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• Standard Number: 1910.22; 1910.301

March 12, 1985

Ms. Inge Lundstrom
National Board of Occupational Safety
and Health
Chemistry Section 3
S-171 54
Ekelundsvagen 16
Solna, Sweden

Dear Ms. Lundstrom:

This is in response to your letter of February 18, addressed to the Assistant Secretary for Occupational Safety and Health.

You asked in your letter for information about dust explosions in powdered milk production. The Occupational Safety and Health Administration (OSHA) does not have any specific standards that could be applied to the powdered milk industry, however, many of OSHA's General Industry (GI) Standards (copy enclosed) might be used to control dangerous situations in that industry. For example, it is believed that many explosions in industries like the powdered milk industry are caused by large accumulations of dust. This situation is covered, in a general fashion, by OSHA's housekeeping standards (in the GI standards at 1910.22(a)(1)). It is also thought that careful attention to electrical ignition sources may reduce the number of explosions that occur in industries which tend to generate dusty conditions: OSHA's standards for electrical applications in the workplace (Subpart S of the GI standards which begins at 1910.301) may be helpful in eliminating or lowering the possibility of explosions triggered by improper wiring or grounding. OSHA conducts regular inspections in all industrial sectors to assure that its standards are being followed. Failure of companies to adhere to the OSHA standards is subject to enforcement action which may include issuance of citations and/or penalties.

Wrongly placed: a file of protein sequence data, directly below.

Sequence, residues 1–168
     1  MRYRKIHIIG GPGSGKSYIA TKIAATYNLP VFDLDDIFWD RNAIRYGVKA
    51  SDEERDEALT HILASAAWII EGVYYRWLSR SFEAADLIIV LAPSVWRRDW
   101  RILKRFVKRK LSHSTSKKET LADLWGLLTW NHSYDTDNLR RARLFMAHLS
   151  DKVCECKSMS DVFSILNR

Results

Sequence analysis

I am also enclosing, for your information, documentation about an explosion at a powdered milk production plant that took place in 1980, details of which may be of interest to you. If I may be of further assistance, please feel free to write again.

Sincerely,



Anthony E. Goldin
Director of Policy

Enclosures



Office of the Special
Coordinator
February 4, 1980

C. H. Jones, Manager, Land O'Lakes Company, 614 McKinnley Place, Minneapolis, Minnesota, said:

Their corporate offices are located at 614 McKinnley Place, Minneapolis, MN. They have a mill where they manufacture milk replacer for calves, pigs, and lambs located across the street. The address of the mill is: 2300 Kennedy, NE, Minneapolis, MN. The mill consists of a warehouse where the product is bagged and stored, and an elevator with 18 steel bins, and a number of legs.

On February 1, 1980, at 10:55 p.m., they experienced an explosion and fire. There was one person dead, and eight persons injured. Of the eight injured, one is critical, four are serious, two are satisfactory, and one was released after treatment. They were making calf replacer at the time of the explosion. The initial explosion was in ingredient bin No. 6 in the mixing area. They were ready to fill bin No. 6 with whey powder. The unloader was on top of bin No. 6, and he lowered a drop cord into the bin to see that the bin was empty (a common practice). A conveyor (auger) was running at the bottom of the bin. The drop cord got into the conveyor, the cord was cut, causing the explosion. The drop cord was found wrapped around the conveyor following the explosion. The explosion spread throughout the steel bins and the warehouse, and the mill was considered nearly a total loss.

Jim Carlson, Chief Arson Investigator, Minneapolis Fire Department, Minneapolis, Minnesota, said:

His records showed they received the first alarm at 2259 hours on February 1, 1980, from Land-O-Lakes, followed by three additional alarms with the fourth alarm being called in at 2318 hours. Nine persons were injured, and one died later. The loss to the building was estimated at $1,500,000.

Their investigation showed there was an explosion in the mill followed by fire throughout the facility. The explosion first occurred in bin No. 6, and was caused by a drop cord which became entangled in an auger at the bottom of bin No. 6 and shorted out. Investigation is continuing.


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